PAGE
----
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Teacher Critical of Reading Methods Fired

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Teacher Critical of Reading Methods Fired

Photo: Iceland Writers Retreat.

A teacher in Þingeyjarskóli, northeastern Iceland, who holds a degree in reading instruction from Germany, claims she lost her job because she refused to adopt a controversial Icelandic method of teaching children to read, Vísir reports. Five years ago, when the method was introduced at her school, Cornelia Thorsteinsson questioned its effectiveness after using it in class. That did not go well with school authorities. She was assigned the teaching of other subjects and eventually let go.

The new method for teaching children to read, called Beginner Reading, was developed by Rósa Eggertsdóttir at the Center for School Development at Akureyri University in cooperation with six schools in North Iceland between 2004 and 2006. Altogether, about 80 schools out of 170 in various parts of the country have adopted this method of teaching children to read in the first and second grades, according to lesvefurinn.hi.is.

The reason for the controversy is a new analysis from the Institute of Education (Manntamálastofnun) revealing that students in schools which have adopted the Beginner Reading method perform worse on standardized tests than those from other schools, according to RÚV. The Institute of Education concludes that Beginner Reading methods do not improve student performance as measured by standardized tests.

The method involves analyzing a text, breaking it into word parts, and scrambling them to create as many words as possible, Ásdís Hallgrímsdóttir, a teacher in Ölduselsskóli, explains to RÚV. Then you might use the text to make up a story based on characters from the text. She believes the method needs adjustment and that perhaps not enough emphasis is being placed on teaching children the names of the letters and the sounds they make.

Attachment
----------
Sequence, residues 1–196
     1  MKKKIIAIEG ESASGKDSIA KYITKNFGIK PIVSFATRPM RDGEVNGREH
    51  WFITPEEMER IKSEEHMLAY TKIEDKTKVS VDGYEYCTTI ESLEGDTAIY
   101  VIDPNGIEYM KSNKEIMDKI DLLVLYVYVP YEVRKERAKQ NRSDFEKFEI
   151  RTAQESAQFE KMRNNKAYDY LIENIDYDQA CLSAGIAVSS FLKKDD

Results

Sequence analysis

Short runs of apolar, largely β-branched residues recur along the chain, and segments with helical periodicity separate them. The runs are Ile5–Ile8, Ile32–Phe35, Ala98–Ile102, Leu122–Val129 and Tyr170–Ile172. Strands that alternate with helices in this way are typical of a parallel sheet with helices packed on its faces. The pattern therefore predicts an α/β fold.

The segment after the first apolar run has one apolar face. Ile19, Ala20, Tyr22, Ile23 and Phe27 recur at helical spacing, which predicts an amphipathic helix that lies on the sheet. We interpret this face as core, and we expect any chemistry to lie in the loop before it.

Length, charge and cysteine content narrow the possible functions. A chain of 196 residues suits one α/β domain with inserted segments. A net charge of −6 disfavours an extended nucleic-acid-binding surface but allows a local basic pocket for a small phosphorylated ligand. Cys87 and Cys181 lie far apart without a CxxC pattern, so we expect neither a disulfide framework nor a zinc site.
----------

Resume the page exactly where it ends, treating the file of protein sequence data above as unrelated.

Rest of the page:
Cornelia describes the method as based on the ideology of an adult. “It’s like teaching children music by having them listen to a complicated opera and letting them learn the notes later.” She says the method involves repetitive activities, day after day, which bore the children. Also, it doesn’t suit boys as well as girls, she adds.

When she lost her job, she was told she was less qualified than others and difficult to work with. “In all the years I’ve been teaching, I’ve never had a student in class who can’t read,” she says. “I can find a new job, but the children get this one chance to learn to read.”

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